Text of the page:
FARMERS HAVE little understanding or care for the soil they farm and are wrecking one of the nation‘s basic natural assets, according to the Environment Agency.
The State of Soils Report (968kb pdf), published on Thursday (May 13), found a disregard and lack of understanding of soil is causing damage which may have serious consequences for future generations.
“For too long now we have been building, working, farming and consuming without understanding its impact on the land,” said Environment Agency chief executive Barbara Young.
“As a result we are now seeing growing signs of soil-related problems.”
The damage detailed in the report includes soil erosion and contamination, homes damaged by ‘muddy floods‘ and water polluted with silt and fertiliser.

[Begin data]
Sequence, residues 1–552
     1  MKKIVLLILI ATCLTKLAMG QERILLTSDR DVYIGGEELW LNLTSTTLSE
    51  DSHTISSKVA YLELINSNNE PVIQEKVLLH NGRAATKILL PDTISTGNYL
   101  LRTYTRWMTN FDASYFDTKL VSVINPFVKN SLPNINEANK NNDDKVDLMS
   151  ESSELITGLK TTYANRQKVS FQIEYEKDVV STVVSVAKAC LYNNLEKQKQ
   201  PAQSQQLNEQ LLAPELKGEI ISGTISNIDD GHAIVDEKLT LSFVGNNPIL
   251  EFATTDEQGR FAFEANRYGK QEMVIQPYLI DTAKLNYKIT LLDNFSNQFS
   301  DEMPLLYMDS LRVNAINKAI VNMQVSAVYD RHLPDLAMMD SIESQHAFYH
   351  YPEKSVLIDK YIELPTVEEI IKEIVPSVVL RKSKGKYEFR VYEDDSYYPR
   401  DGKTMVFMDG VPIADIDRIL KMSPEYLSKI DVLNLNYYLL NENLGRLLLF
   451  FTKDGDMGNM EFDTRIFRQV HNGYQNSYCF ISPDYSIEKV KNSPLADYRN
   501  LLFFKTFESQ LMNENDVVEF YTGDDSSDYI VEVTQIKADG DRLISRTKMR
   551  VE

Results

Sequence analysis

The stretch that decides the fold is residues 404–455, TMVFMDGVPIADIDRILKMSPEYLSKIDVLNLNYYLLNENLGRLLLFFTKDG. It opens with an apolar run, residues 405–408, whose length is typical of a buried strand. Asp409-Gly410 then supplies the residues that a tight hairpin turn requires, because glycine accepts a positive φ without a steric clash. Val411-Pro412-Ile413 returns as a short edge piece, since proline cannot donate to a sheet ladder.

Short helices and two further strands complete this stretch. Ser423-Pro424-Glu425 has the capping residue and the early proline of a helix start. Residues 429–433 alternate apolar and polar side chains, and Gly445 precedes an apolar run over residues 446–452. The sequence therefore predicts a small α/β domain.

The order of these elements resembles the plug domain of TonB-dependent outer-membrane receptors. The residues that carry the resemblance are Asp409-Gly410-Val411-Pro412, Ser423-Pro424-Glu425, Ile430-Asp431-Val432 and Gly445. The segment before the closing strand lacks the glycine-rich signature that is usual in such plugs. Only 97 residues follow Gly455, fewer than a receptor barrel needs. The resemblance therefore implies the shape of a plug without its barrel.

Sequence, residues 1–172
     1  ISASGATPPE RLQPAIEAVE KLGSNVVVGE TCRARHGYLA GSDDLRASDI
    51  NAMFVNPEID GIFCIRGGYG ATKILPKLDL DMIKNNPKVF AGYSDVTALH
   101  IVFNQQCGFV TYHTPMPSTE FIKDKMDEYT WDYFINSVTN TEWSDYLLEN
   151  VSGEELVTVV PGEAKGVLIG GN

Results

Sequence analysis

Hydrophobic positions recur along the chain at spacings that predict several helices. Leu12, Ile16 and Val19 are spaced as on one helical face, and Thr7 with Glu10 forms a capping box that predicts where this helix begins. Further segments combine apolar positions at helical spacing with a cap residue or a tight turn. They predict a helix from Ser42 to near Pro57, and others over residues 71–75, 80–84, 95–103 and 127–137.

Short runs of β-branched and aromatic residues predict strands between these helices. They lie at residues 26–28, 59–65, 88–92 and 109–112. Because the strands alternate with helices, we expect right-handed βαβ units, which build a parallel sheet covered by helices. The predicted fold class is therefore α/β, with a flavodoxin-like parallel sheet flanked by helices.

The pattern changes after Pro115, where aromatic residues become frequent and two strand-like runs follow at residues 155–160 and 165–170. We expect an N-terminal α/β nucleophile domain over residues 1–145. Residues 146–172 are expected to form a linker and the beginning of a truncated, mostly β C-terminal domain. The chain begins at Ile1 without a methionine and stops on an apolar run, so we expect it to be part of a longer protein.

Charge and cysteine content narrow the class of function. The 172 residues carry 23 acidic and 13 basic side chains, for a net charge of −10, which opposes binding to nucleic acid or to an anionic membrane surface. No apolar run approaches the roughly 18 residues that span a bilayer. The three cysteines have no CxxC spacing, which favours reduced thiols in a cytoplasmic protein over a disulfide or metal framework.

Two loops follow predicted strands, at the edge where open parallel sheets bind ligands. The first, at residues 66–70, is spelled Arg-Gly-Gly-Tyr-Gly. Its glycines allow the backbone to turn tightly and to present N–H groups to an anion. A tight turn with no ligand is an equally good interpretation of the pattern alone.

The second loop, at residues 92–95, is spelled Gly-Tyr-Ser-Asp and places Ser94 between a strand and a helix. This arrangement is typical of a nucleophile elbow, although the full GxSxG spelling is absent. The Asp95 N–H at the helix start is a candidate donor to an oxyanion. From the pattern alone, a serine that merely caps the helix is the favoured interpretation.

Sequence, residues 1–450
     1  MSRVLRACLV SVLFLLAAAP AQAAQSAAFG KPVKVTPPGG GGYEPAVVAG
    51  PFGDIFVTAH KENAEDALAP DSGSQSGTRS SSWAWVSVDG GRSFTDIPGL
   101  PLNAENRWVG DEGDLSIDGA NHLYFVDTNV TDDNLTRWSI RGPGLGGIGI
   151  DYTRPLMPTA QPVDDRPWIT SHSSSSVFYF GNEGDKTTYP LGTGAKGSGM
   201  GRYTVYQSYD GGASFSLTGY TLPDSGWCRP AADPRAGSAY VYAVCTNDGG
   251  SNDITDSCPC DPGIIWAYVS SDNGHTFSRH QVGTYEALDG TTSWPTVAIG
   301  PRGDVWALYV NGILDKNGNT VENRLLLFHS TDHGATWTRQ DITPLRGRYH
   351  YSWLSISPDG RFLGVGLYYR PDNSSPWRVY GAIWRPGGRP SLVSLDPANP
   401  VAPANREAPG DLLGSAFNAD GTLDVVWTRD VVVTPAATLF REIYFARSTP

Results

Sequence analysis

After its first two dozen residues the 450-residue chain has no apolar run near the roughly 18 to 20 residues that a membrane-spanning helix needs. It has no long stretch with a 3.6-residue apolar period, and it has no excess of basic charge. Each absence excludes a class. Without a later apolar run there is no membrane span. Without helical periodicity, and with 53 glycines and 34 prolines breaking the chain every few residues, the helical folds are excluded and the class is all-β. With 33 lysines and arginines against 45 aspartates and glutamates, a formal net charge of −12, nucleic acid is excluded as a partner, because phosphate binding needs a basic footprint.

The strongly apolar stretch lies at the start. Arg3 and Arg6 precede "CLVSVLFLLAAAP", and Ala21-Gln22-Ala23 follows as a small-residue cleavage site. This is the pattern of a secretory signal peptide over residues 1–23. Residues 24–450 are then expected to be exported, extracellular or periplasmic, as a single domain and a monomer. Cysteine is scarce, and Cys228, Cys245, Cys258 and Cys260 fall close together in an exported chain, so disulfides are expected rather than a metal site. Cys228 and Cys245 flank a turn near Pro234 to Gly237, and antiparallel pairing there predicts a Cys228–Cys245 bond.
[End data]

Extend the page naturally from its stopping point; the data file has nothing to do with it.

This is smothering riverbed gravels, harming aquatic plants, invertebrates and the eggs of fish, with more than half of trout spawning beds in the south now in jeopardy.
In less than 30 years the area of soil usable for cultivation available per person has declined by more than a fifth, said the report.
Soil loss and population growth means this figure is now 0.25ha – less than half the 0.6ha per person needed to sustain the typical western diet.
Erosion moves 2.2 million tonnes of arable topsoil every year in England and Wales, said the report.
Levels of nitrous oxide, which contributes 4% of UK greenhouse emissions, are increased when inorganic nitrogen fertilisers and manure are added to soil, it noted.
“If we continue to neglect (soil-related problems), sooner or later the consequences will be evident,” said Baroness Young.
“Once soils are badly damaged they are almost impossible to restore to a healthy state.”